Climate of error
The Spectator’s cover was a week early: a headline, eight days ago, shouting “Our victory!” Below it, Alan Jones, Tony Abbott and Andrew Bolt danced in paper hats, celebrating the repeal of the carbon tax amid streamers and party horns.
John Roskam at least waited for the repeal to pass the senate on Thursday before he trotted out a smug email to supporters of the Institute of Public Affairs. “We did it,” the institute’s executive director wrote. “A few minutes ago the senate voted to repeal the carbon tax. Let’s pause a moment to reflect on our achievement.”
The wonderment continued: “Together, we’ve won the debate. It was your financial support that allowed the IPA to do all of this. So thank you for your courage. You did what was right – not what was easy. And we prevailed.”
World wars have been ended with more grace and less hyperbole.
Back at The Spectator, the premature adulation traced the battle back to 2008. “We yelled because, like broadcaster Alan Jones, pundit Andrew Bolt and the Institute of Public Affairs, we hoped to be heard in a conformist climate,” they raged. “These were the days of Tim Flannery’s hysteria, the Garnaut Report’s hype and Kevin Rudd’s ‘greatest moral challenge’.”
Dark days, to be sure. Mercifully, the fight did not end there. “When global warming alarmism was dominant in late 2009, Mr Abbott – encouraged by people like us – had the political nerve and moral conviction to provoke people into questioning the religious fervour of carbon pricing. To wit, he has been able to pioneer a new direction in climate policy that has transformed Australian politics. Bring out the champagne!”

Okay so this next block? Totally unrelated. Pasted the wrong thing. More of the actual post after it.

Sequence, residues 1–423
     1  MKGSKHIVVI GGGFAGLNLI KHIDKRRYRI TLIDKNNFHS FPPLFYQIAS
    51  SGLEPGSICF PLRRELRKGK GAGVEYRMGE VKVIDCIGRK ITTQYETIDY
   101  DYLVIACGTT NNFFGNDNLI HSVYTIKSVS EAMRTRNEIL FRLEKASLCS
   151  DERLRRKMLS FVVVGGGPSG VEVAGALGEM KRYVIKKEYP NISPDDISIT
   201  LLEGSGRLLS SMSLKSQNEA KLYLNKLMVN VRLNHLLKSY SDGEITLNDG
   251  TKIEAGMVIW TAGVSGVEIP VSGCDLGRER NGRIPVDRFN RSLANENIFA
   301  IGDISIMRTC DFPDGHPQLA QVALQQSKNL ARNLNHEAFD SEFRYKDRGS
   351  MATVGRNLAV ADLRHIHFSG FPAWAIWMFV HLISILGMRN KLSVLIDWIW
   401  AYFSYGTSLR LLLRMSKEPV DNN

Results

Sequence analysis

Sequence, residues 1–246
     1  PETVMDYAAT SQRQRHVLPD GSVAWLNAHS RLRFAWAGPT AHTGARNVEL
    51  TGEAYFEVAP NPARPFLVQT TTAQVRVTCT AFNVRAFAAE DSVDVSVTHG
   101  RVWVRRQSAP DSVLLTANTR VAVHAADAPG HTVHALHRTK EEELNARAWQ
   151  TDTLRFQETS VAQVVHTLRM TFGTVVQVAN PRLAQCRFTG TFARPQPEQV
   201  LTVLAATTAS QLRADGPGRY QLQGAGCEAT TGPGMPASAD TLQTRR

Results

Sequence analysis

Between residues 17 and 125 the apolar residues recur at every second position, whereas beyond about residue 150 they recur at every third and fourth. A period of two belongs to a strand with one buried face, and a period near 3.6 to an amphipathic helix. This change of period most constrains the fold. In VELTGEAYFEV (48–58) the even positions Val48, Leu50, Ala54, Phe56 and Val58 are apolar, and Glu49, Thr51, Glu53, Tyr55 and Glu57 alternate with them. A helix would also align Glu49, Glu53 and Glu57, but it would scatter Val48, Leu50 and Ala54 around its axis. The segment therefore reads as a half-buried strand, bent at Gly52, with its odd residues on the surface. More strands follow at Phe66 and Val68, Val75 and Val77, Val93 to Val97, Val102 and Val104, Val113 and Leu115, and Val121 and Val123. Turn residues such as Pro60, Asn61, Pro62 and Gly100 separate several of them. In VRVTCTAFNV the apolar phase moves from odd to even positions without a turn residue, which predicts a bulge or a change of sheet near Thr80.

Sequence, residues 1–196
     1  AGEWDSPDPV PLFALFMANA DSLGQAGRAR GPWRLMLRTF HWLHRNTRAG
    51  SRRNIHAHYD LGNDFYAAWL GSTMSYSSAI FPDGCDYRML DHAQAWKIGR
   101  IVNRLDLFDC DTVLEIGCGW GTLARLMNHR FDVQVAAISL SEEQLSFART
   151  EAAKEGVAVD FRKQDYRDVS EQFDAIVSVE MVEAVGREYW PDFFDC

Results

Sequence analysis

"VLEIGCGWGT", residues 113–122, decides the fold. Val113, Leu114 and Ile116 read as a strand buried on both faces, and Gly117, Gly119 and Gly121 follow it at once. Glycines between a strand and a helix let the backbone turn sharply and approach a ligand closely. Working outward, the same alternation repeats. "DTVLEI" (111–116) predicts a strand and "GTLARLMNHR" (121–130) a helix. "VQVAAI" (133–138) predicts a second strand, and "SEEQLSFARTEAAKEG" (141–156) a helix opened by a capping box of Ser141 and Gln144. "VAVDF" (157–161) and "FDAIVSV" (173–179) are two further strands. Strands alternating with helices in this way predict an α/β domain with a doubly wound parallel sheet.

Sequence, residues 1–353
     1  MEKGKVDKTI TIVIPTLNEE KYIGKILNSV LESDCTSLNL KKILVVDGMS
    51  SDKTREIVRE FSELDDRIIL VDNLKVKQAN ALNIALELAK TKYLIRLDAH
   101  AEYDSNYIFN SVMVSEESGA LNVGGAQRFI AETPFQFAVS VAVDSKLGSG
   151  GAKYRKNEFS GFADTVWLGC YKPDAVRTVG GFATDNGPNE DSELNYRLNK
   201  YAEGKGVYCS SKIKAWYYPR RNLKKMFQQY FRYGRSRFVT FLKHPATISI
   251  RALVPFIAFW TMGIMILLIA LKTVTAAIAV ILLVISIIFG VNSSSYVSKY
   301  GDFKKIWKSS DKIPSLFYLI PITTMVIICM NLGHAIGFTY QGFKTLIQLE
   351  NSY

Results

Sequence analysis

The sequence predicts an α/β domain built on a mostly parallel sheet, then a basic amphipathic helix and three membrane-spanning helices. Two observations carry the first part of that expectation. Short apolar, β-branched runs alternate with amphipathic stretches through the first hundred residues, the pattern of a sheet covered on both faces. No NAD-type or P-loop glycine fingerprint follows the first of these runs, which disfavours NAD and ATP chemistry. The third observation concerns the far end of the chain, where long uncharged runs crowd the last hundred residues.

A week early, but right eventually. Throw forward to a throwback.
The victory is pyrrhic, a messy fight that sets Australia back to where it was six years ago on climate change policy. If anything has changed since Rudd and Howard began talking about an emissions trading scheme in 2007, it is that the science supporting the need for one has grown. International consensus has, in that time, consolidated behind a market mechanism as the best means by which to contain emissions. Australia, however, now has the pitiful distinction of being the only developed nation to have moved backwards on climate action.
And it is worse than that. Whatever replaces this scheme will almost certainly be more expensive. Households will be worse off. Unquestionably, the environment will be worse off. On the forecasts of many economists, industry will eventually be worse off.
None of this matters to those for whom carbon pricing is about more than rational thought. It is about party horns and mindless slogans and standing up to an environment that has the temerity to be fragile. It is about man’s triumph at all costs. And the costs of this will be great.
A war has been won. The earth has lost. Champagne.
This article was first published in the print edition of The Saturday Paper on Jul 18, 2014 as "Climate of error". Subscribe here.